“Once we can identify it’s going to the right place, we’ll do a couple of demonstrations once we get close in, where the spacecraft will stop to demonstrate that if we tell it to stop, it will, in fact, stop,” Nelson said.
Then the Starliner will move in for an automated link-up with the forward port of the space station’s Harmony module, 90 degrees from Harmony’s top-facing port, where a SpaceX Dragon crew capsule is docked.
While the Starliner capsule is docked at the station, the crew on the research complex will open hatches and enter the Starliner crew cabin for additional tests and inspection. Astronauts Kjell Lindgren and Bob Hines will perform voice communications checks with a headset in the Starliner crew cabin.
For the OFT-2 mission, Boeing placed an instrumented test dummy in the Starliner commander’s seat to gather data on the environments astronauts will see on future missions. The mannequin, named “Rosie” after the World War II icon Rosie the Riveter, wears a blue Boeing spacesuit.
The station astronauts will also unpack about 500 pounds (227 kilograms) of cargo inside the capsule, and replace it with cargo tagged for return to Earth.
The Starliner will undock from the space station no earlier than May 25 for return to Earth, targeting a parachute-assisted, airbag-cushioned landing at White Sands Space Harbor in New Mexico.
NASA and Boeing engineers will evaluate the results from the OFT-2 mission before approving the launch of the Crew Flight Test, the first Starliner mission with astronauts on-board.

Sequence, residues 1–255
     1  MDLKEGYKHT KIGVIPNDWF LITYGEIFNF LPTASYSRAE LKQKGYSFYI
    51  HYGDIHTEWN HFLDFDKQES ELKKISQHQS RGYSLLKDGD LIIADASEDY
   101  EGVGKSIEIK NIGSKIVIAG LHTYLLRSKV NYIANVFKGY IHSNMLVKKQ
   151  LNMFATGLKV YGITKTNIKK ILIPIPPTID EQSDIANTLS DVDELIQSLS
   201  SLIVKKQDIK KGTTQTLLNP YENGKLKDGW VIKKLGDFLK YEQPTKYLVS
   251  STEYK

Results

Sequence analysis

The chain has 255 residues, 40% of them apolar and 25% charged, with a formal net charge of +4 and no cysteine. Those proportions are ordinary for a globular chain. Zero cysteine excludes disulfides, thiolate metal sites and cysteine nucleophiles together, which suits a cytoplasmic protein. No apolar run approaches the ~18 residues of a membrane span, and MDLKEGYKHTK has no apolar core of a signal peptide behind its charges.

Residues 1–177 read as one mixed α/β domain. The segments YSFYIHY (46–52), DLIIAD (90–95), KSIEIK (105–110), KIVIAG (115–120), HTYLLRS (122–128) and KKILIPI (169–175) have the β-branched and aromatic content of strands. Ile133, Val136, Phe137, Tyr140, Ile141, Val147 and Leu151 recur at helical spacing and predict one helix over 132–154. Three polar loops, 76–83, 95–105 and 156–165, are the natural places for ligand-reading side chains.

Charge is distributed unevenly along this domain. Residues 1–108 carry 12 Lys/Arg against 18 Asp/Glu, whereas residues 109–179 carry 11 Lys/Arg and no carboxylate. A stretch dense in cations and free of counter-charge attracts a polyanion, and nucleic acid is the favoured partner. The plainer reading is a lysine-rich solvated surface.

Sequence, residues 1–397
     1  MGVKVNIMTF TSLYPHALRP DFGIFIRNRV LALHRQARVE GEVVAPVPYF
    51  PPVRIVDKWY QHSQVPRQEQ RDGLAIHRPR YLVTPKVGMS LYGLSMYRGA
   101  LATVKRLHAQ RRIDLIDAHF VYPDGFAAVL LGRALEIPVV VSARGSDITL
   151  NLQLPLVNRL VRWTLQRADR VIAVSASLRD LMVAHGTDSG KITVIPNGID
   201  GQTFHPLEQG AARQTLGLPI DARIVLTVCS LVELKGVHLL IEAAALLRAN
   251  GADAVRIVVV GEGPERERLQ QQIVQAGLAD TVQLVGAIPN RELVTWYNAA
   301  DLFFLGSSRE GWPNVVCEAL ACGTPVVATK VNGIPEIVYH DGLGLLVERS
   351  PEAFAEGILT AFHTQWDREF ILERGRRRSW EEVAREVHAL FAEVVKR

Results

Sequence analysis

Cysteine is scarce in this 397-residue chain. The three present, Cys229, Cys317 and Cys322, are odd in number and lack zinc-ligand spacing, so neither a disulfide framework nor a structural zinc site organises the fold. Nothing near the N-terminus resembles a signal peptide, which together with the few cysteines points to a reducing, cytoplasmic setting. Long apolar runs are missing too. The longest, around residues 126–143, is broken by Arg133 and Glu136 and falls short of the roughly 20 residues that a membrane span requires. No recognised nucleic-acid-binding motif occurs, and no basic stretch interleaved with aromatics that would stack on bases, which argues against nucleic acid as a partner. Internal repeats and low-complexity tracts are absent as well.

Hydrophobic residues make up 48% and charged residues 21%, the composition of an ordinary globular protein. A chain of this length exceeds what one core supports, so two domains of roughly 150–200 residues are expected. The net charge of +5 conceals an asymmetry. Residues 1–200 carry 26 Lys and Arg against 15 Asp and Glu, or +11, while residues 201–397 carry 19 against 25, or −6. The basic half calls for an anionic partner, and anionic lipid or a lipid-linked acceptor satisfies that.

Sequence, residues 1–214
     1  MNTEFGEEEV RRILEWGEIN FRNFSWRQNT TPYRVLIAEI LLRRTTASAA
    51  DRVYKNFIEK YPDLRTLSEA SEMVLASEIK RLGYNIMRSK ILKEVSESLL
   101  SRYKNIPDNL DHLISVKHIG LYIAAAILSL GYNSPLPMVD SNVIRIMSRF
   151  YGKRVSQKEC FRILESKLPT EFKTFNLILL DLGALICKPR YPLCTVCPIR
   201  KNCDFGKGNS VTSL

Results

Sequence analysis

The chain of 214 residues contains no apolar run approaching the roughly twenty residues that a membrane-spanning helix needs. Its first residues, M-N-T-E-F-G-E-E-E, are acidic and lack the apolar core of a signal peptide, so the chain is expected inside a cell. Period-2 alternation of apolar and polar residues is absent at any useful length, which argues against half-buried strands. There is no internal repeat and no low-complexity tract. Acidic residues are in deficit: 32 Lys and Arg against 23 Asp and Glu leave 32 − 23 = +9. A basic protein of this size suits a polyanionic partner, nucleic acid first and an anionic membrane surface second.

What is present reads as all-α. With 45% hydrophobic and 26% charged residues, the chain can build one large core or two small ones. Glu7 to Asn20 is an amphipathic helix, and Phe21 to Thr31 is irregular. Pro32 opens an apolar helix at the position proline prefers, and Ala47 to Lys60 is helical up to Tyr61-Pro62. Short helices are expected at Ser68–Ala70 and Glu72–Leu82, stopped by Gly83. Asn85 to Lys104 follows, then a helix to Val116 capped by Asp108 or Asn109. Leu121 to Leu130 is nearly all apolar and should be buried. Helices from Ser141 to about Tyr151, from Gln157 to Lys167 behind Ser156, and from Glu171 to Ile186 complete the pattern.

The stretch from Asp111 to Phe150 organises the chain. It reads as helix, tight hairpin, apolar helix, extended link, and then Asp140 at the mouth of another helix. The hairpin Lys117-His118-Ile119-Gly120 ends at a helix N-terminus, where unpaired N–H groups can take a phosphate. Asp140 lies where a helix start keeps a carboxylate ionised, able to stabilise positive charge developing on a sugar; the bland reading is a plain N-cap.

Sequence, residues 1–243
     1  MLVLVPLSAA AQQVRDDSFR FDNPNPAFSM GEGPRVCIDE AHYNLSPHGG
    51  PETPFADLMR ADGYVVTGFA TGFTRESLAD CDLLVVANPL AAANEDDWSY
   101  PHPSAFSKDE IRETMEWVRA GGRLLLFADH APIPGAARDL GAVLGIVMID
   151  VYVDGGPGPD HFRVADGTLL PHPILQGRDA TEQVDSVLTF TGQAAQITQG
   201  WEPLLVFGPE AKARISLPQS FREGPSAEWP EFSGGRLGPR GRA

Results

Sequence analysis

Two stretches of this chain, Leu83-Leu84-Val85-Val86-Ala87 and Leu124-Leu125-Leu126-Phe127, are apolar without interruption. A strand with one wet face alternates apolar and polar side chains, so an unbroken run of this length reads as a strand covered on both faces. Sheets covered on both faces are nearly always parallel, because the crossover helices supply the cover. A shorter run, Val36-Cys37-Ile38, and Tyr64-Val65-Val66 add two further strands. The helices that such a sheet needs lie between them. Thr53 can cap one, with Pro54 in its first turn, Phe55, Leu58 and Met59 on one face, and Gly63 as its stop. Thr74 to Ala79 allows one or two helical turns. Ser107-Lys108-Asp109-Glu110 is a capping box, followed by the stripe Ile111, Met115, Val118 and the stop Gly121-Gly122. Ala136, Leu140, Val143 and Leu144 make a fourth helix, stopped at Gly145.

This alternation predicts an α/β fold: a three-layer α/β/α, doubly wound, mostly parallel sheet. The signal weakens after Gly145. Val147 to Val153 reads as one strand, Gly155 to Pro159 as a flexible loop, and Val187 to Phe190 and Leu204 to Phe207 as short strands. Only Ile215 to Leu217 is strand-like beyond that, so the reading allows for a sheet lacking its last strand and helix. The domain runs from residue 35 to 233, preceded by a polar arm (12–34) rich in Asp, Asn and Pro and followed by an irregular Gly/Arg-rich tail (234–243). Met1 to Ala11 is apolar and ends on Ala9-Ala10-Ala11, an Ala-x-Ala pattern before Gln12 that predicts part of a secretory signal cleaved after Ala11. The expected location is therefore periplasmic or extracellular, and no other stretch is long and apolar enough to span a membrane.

Officials said before the OFT-2 launch that Boeing aims to have the next crew capsule ready for flight by the end of the year, but managers won’t commit to a launch schedule until they evaluate the results of the unpiloted demo mission.
“We wouldn’t be here right now if we weren’t confident that this would be a successful mission,” said Butch Wilmore, one of a group of NASA astronauts assigned to the Starliner program, in a press conference before the OFT-2 launch. “But there are always unknown unknowns. That’s what historically has always gotten us. It’s those things that we don’t know about and we don’t expect.”
Boeing’s Starliner crew capsule is one of two human-rated spaceships NASA selected in 2014 to ferry astronauts to and from the International Space Station. The other spacecraft, SpaceX’s Dragon capsule, began flying astronauts in 2020 and has now launched seven crew missions.
NASA has funneled more than $5 billion into Boeing’s Starliner crew capsule program since 2010. Boeing took a $595 million charge to pay for delays, and the new OFT-2 test mission, following the problem-plagued Starliner test flight in 2019.
After OFT-2, and following a test flight with astronauts, NASA plans to certify the Starliner spacecraft for regular crew rotation missions to the space station. The agency plans to alternate between the Starliner and Dragon spacecraft, providing “dissimilar redundancy” for crew access to the station.
“We’re going to be focused on this mission, the flight test objectives, as well as getting ready for the flight test objectives for the Crew Flight Test, which has a goal of certification at the end, so that we as NASA can have regularly-scheduled dissimilar redundant flights to the International Space Station,” said Mike Fincke, another NASA astronaut following the Starliner program. “So we can go up, one flight with Boeing, one flight with SpaceX.”
Follow Stephen Clark on Twitter: .